10 September 2015
The 2015 El Nino event will go down in history as one of the strongest ever, and likely as THE Strongest. While it is impossible to give an exact idea of what this will mean for your area, we can give you some likely scenarios for the upcoming winter, with more confidence in some areas than in others. There are also some misconceptions out there that I hopefully will dispel in this post!
First the general idea of what kind of weather a strong El Nino brings to the U.S.(see the graphics below).
Now, that you’ve seen the graphics, a few points to remember.
1.First of all, remember these are averages for a 3 month period. This does not mean that a major flood event could not happen in the dry areas or a long dry spell is possible in the areas that tend to be wet. It also does not mean that there will be extreme cold in the south, it just means that the average will likely be cooler than normal. People tend to remember the winter weather based on cold snaps or big snow events, not the averages!
2. Notice that Northern California and the Pacific NW will get normal or below normal rainfall in a strong El Nino event. This means that the odds that the severe drought in these areas will lessen much. Also, to break the California drought, you need heavy SNOW in the northern Sierra’s. Rain down south will just cause mud slides, but will do little to help the farmers in the Central Valley.
3. This is a super El Nino and we have a sample size of ONE. Surprises are likely.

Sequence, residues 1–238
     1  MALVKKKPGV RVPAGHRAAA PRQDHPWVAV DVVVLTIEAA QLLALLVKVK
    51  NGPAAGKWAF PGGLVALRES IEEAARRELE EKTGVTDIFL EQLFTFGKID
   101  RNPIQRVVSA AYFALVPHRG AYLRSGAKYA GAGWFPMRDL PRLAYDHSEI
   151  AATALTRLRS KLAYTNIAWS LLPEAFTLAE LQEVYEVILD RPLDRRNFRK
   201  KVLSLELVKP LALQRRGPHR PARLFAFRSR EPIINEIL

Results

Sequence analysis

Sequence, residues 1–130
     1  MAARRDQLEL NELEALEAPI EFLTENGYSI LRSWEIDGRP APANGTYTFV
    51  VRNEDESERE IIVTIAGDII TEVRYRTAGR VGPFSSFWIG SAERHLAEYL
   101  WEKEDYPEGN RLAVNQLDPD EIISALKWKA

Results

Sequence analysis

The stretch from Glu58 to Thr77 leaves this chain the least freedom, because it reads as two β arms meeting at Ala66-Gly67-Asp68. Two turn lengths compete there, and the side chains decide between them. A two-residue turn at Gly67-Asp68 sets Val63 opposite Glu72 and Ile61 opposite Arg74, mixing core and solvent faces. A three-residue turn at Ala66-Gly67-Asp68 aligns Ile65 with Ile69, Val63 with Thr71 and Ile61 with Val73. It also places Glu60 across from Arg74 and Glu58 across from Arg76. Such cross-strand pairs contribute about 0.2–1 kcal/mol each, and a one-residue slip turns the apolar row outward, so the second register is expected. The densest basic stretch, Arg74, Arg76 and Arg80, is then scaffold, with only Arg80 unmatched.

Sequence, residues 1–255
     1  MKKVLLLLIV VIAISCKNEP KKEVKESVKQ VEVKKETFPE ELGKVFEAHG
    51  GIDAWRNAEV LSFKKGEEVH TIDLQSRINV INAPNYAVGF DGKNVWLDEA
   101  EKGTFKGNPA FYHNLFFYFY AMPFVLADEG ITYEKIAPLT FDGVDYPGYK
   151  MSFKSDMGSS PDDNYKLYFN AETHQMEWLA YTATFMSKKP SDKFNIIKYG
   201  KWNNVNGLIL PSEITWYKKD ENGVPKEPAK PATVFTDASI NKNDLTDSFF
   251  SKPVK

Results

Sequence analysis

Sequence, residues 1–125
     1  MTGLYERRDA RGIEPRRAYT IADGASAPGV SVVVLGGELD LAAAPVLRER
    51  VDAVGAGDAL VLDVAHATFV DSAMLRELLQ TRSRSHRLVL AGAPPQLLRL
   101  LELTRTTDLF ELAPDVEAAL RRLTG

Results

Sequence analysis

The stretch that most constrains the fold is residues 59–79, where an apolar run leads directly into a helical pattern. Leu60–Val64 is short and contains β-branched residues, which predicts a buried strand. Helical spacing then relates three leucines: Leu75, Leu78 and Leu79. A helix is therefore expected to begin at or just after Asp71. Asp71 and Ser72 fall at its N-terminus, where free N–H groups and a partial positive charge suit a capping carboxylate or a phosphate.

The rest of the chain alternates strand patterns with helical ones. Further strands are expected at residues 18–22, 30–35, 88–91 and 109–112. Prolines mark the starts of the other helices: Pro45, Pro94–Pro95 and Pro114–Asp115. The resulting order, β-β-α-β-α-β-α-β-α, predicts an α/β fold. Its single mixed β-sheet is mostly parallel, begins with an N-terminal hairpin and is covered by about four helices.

4. A moderate El Nino in 2010 combined with a strongly negative NAO (pressure pattern in the Atlantic) to produce extreme cold and snow along the Eastern Seaboard from DC,Delmarva and into the New England states. If this happens during a super ENSO event then what will be the result? We do not really know, but I suspect it could be much the same.
5. There’s been much discussion about the blob of warm water off the coast of California and the role it could play in this ENSO event. Several studies have been recently published that this will not be a significant player, and while I was at first skeptical, I’m fairly convinced now that this is true. (See the links for much more on this, and note that in science it’s OK to change your mind when presented with valid evidence. Some politicians who deny climate change, and the age of the Earth could take a lesson from that)
If you want to dive deep into El Nino then I highly suggest that you read the excellent El Nino blog at NOAA’s climate.gov website.